A recent joint study by Russian, U.S. and German scientists says it all: “HPHT treatment of light brown Type IIa diamonds is of special importance in the business. These diamonds are the starting material for production of colorless gems of high color grades. The proportion of the colorless type IIa stones in the market steadily increases both in size and in color grade. Whereas it was almost impossible to encounter a perfect 15-carat HPHT-treated diamond in 2003, now it is not the case. Modern HPHT apparatus allows to process diamonds of any reasonable size resulting in polished gems of highest quality the weight of which may exceed 30 carats.”1
The GIA is seeing an increasing volume of Type IIa colorless diamonds in the 3- to 20-carat range, and most of these stones were submitted without proper disclosure. The head of the GIA laboratories, Tom Moses, confirms this trend. No one purchasing a large Type IIa natural diamond with a high color grade can have any confidence about the natural color origin of the stone. Masking will not be detected by most of the labs. Moreover, some irradiation may also occur in natural stones without having undergone any treatment.
In respect to undisclosed Type IIa brown treated stones, researchers found that undisclosed goods had already entered the market before the HPHT treatment became public knowledge. The sophistication of unscrupulous elements in our business and their reliance on masking has brought us back to square one. Says scientist D. Fisher: “Today, the virginity of almost all Type IIa diamonds has to be carefully tested with reliable means of identification of HPHT treatment. Without such testing no one can be confident about the natural origins of color of a type IIa diamond, if it is bought from third parties.” 2
The challenge is how to detect stones maliciously treated to hide previous treatments.
More than 10% of type IIa’s are treated
Diamantaires instinctively know that virtually all of the large important multi-million-dollar stones are Type II. Basically, what differentiates between Type I and Type II is the content levels of nitrogen and boron, the major impurities that determine many of the properties of a diamond. Type II diamonds are those containing no measurable amount of nitrogen. There is a further division between Type IIa and Type IIb diamonds, and what makes Type IIa so special is that it does not contain boron, making it impurity-free.
Of the world’s natural diamond output, 98 percent are Type I (and 90 percent of these have high-nitrogen content). There are very few truly pure diamonds in nature. Type IIa diamonds amount to less than 2 percent of all recovered diamonds so far – though the frequency of their occurrence increases with size.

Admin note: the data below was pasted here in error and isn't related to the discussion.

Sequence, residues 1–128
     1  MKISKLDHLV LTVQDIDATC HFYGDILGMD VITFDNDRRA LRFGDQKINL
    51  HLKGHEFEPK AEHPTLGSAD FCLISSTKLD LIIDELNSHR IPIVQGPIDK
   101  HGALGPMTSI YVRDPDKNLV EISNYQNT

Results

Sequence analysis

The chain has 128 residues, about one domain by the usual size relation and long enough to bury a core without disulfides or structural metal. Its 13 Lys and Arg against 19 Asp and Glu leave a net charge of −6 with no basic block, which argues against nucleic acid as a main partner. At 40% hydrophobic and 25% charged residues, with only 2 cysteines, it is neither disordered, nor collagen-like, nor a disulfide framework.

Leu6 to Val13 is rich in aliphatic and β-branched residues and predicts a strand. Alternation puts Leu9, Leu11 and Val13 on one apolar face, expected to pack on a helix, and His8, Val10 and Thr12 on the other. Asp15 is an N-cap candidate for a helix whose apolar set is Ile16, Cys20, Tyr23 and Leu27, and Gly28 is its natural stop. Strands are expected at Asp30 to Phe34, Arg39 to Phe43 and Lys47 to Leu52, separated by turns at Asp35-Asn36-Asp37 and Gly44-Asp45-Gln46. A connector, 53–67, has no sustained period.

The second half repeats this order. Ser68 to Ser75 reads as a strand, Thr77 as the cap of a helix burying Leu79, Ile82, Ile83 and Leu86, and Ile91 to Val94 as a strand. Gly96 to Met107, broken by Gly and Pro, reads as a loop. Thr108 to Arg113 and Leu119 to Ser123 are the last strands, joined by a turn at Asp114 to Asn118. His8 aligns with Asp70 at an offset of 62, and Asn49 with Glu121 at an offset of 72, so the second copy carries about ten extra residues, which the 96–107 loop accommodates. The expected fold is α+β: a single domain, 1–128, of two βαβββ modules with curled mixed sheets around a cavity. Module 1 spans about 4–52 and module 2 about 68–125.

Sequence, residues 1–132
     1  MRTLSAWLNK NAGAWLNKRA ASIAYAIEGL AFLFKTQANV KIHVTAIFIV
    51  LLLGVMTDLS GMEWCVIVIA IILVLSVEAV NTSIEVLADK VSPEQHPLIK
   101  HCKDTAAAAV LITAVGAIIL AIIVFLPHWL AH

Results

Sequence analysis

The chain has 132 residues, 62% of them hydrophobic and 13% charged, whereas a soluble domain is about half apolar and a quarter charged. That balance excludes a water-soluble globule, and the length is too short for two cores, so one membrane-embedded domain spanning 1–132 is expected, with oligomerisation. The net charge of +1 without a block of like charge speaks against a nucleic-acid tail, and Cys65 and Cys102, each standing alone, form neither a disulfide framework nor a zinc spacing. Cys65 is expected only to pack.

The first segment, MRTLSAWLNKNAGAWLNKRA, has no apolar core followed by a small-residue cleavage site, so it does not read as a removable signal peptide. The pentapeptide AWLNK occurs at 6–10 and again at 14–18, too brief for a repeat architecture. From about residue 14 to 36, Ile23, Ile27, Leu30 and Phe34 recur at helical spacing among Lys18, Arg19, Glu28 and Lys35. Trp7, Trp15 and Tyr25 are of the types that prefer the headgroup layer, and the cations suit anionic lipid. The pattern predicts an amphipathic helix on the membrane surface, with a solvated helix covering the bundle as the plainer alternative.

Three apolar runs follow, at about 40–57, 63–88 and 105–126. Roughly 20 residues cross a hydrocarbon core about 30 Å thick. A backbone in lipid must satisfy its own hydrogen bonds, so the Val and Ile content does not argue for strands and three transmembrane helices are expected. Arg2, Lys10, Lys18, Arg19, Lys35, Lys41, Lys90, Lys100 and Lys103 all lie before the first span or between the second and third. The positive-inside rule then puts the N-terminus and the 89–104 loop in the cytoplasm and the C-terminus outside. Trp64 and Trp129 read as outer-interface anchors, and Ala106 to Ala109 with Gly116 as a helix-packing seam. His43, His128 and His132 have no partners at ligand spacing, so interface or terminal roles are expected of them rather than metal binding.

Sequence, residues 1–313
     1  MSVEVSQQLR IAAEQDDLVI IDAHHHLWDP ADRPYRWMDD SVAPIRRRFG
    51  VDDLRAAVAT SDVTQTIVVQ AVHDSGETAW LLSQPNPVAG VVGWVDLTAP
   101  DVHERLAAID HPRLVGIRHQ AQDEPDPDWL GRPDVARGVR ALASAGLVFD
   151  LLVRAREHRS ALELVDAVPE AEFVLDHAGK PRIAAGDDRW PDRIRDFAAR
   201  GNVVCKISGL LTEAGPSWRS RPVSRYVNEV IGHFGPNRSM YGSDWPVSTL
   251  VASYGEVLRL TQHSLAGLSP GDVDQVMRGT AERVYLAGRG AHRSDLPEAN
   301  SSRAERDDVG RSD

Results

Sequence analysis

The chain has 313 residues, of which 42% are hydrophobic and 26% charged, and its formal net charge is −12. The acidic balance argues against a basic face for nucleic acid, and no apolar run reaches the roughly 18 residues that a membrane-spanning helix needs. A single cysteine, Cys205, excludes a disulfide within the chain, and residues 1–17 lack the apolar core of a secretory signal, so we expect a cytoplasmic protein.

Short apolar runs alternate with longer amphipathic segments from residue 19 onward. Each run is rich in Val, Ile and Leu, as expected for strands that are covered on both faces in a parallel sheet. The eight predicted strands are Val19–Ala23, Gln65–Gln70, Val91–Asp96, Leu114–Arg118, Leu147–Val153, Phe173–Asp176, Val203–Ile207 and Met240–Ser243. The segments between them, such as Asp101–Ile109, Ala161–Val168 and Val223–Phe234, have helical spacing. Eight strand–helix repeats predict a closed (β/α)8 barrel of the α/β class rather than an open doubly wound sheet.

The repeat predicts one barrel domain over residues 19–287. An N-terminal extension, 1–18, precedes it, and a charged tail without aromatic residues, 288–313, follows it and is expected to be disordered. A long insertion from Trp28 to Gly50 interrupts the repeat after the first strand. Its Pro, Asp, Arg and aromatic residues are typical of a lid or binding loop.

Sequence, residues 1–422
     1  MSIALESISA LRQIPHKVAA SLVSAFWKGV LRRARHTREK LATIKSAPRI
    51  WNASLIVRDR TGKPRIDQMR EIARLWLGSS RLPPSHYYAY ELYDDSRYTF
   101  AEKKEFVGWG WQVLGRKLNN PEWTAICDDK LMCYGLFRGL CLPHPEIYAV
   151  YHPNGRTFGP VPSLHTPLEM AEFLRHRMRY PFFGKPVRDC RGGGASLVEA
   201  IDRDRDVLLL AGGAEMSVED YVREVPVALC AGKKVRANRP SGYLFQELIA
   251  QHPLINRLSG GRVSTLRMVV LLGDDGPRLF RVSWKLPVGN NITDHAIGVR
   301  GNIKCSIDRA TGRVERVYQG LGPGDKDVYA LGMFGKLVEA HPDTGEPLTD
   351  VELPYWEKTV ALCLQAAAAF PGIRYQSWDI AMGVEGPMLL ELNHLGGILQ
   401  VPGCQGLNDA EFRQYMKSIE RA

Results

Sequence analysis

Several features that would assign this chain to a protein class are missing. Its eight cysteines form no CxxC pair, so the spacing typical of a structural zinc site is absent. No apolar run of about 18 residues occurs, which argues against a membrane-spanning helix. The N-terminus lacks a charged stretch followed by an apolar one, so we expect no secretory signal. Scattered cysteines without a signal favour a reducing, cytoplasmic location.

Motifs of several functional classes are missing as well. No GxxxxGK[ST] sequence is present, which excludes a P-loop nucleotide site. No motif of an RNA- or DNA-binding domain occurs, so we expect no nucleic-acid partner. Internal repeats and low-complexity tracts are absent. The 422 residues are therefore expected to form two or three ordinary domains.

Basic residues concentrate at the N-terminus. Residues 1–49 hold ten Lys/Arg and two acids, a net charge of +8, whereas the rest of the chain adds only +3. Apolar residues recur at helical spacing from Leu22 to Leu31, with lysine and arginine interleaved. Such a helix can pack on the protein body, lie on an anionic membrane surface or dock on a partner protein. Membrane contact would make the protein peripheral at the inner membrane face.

This 2% figure refers to volume, not to value. In that respect it is misleading. By value it is significantly more and diamond markets should be measured by value not units. [In the past Australia may have been about the largest diamond producer, while its output, then at $8 per carat, made it an extremely low value mine. The same can be said about the DRC.] What is the value of Type II diamonds? Honestly, I wouldn’t’ know. Might be anywhere between 5%-10% by value. What we do know is that all the following are Type IIa diamonds: the Golden Jubilee stone (545.7 carats); Cullinan I (530.2 carats); Cullinan II (317.4 carats); Centenary (273.8 carats); and the De Beers Millennium Star (203 carats) and a host of other famous Fancy Blue and Fancy Pink which puts bidders at Sotheby’s and Christie’s into a frenzy.
“There are very few truly pure diamonds in nature. Type IIa diamonds amount to less than 2 percent of all recovered diamonds so far.”
Though these big stones are foremost in one’s mind, I also recognize that the majority of HPHT-treated Type IIa diamonds that get color grades from D to G and clarity grades from IF to VVS are less than 2 carats in size (in the rough). As De Beers only withholds diamonds larger than 1.8 carat from the market, the volume of its stock cannot be so high; but its value is nevertheless potentially enormous, depending on how these goods will eventually be sold.
Since the recognition of HPHT treatment is most difficult for Type IIa diamonds, and only Type IIa diamond treatment can result in high colors, these diamonds are most desirable for treatment. Experts estimate that “at present [i.e. 2013] 10% of all cut high color high clarity type II-a diamonds are HPHT treated.” Of these, 80 percent are converted into colorless; about 10 percent acquire pink; and the rest becomes light yellow.
Though generalizations need to be avoided, it is nevertheless a fact that many labs cannot detect HPHT – so we don’t really know how many of these stones are on the market, unwittingly, gem labs have essentially created a risk free operating environment for repeated and even proven offenders. When the lab fails to discover, the falsely marketed HPHT-enhanced stones have become “legitimate” as un-treated. One rates the lab mostly by the “discount” or “premiums” of the certificates, which is related to the “flexibility” in their grading. Has anyone ever checked the technical capabilities of different labs? This has never become an issue as, in the end, the labs have by and large defined their real constituency as the “trade” not the “end consumers.” [Incidentally, the surest guarantee that a stone has not been HPHT’ed is if there is a presence of fluorescence. I have always been puzzled why fluorescent stones trade at a discount; might it be that they are less valuable because they cannot be HPHT’ed?]
Reviewing the De Beers position